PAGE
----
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Chris McClain is engineering supervisor at Southern Company and is an advocate for helping the electric transmission and distribution industry advance power restoration by leveraging technology to seamlessly manage damage assessment and repair. Bringing insights from the front lines of digital utility transformation, his blog series walks readers through the journey from managing mountains of paper feeder maps to mobile workforce management and power restoration in one of the country’s frequent storm hotspots.

Effective and efficient power restoration in our country is only possible through collaboration among industry peers. Mutual assistance agreements exist between electric utilities, cooperatives, and municipal providers in neighboring cities, counties, and even states hundreds of miles away. Mutual assistance extends to the way power transmission and distribution companies work under blue skies, as we collaborate and share best practices with our peers, just as much as we assist each other during storms.

Aiming to further advance storm response and power restoration for the industry, we have attempted to identify opportunities and encountered numerous obstacles. And although we haven’t got it all figured out yet, I want to take a moment to share some insights, best practices, and lessons learned.

In my introductory blog post, I showed just how innovative our industry is in many areas as we build resilience into systems with ADMS and FISR technologies, map our circuits with robust GIS, and manage outage restoration during a storm with an OMS.

In other areas, we have been slow to fully realize the potential of technologies such as mobile devices in the field, holding back the benefits of mobile workforce management. The fact that our industry still relies on paper feeder maps is less about whether companies are reluctant to go digital and more about adoption of technology in the field. Lineworkers are often pragmatic; if a digital process takes multiple cumbersome steps, then they will fall back on tried and true ways of getting the job done.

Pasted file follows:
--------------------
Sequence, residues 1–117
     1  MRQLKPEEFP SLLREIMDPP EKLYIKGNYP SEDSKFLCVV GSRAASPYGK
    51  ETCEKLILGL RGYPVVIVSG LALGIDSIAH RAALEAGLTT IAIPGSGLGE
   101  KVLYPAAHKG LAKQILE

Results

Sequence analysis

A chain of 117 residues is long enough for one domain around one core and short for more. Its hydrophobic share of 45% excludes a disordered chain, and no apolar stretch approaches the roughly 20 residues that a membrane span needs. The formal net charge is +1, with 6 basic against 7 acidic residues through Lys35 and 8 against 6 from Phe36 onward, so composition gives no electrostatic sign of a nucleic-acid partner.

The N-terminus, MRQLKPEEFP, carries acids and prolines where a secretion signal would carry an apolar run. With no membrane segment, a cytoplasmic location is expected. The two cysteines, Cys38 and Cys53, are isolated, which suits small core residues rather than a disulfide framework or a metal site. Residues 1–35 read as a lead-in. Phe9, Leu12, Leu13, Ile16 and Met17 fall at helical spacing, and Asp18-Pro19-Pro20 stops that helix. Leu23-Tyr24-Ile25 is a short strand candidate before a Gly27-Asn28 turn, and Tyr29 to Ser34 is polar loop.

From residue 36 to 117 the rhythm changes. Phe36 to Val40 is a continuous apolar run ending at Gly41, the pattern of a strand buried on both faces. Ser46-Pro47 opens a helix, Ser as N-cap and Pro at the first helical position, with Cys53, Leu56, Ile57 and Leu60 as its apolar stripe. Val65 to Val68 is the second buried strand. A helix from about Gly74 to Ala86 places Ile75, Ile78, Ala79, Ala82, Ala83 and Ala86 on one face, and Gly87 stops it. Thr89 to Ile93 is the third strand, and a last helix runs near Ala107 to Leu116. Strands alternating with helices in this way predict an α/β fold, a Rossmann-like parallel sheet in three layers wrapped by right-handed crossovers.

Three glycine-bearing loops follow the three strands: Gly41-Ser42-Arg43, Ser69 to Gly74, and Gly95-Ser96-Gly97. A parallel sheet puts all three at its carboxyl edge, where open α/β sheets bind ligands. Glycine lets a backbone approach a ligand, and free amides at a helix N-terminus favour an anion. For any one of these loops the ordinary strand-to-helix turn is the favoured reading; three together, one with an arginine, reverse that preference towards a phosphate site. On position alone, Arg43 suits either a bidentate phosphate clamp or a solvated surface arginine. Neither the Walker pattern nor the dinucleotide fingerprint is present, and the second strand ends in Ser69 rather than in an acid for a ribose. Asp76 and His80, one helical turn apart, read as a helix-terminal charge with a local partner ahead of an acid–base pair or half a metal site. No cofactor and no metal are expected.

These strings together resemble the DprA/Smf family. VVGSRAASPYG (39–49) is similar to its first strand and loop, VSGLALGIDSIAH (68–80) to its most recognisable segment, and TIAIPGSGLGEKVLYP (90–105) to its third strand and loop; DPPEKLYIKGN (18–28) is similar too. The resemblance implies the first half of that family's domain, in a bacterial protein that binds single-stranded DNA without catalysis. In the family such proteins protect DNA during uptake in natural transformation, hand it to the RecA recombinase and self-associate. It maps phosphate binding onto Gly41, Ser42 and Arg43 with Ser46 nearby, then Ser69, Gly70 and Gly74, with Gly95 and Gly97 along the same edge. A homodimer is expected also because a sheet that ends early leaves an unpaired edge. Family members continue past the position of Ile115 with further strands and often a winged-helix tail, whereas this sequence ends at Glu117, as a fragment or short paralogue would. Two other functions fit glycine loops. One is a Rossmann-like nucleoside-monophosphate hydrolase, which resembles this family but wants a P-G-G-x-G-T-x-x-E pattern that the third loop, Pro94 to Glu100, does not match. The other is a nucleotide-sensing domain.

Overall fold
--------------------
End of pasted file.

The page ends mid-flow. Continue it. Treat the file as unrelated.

Unlike most construction projects, transmission and distribution systems are dynamic, so an “as built” diagram that has a good shelf life for some sectors becomes rapidly out of date in our industry. We’re always expanding systems to meet the growth of communities, replacing and upgrading assets, and, often times, completely rebuilding miles of line after a storm. It presents power service providers with a serious paper data problem.

Consider a service area with 1,750 circuits and 70 field offices, each location servicing between 20 and 30 circuits. Keeping 5 copies of each feeder map on hand in this scenario means that the operating company needs to maintain 9,000 copies. And for utilities with multiple operating companies, this number can easily exceed 45,000! Because of the dynamic nature of the power grid, organizations must periodically shred and reprint all these feeder maps for blue sky operations and storm response.

The paper data problem becomes even more challenging during restoration when hundreds, or even thousands, of non-native crew members arrive, putting copy machines into full time duty. In the wake of an event, damage assessors carry their paper feeder maps to the field. They add handwritten notes, which must be transcribed into an outage management system at the end of the day.

When it comes to digital transformation, there are costs for standing still. Our industry is built around safety, so information about a circuit that is out of date poses multiple risks to lineworkers. Our second mission is to get the lights back on efficiently. Paper feeder maps delay the damage assessment process as repair can only be prioritized once the assessor’s notes have been keyed in.

Despite the ubiquity of mobile devices today and expanding 5G networks, going digital in the power sector isn’t as straight forward as giving everyone access to the back office GIS system for the latest digital circuit maps on their phone. GIS should be part of the solution, but as a component of a larger mobile workforce management strategy. You must also take into account situational awareness, security, offline connectivity, and how large numbers of native and non-native crews will participate in your digital transformation.

Defining and managing mobile workforce management digital transformation is the topic of my next blog. Future posts will then focus on scaling up mobile workforce management, finding the right technology partner, and giving crews greater optionality to make the next best step in the field.

Did you enjoy Chris’s blog? Check out his previous post: 5 Keys to Advance Power Restoration: Mobile Workforce Management Digital Transformation


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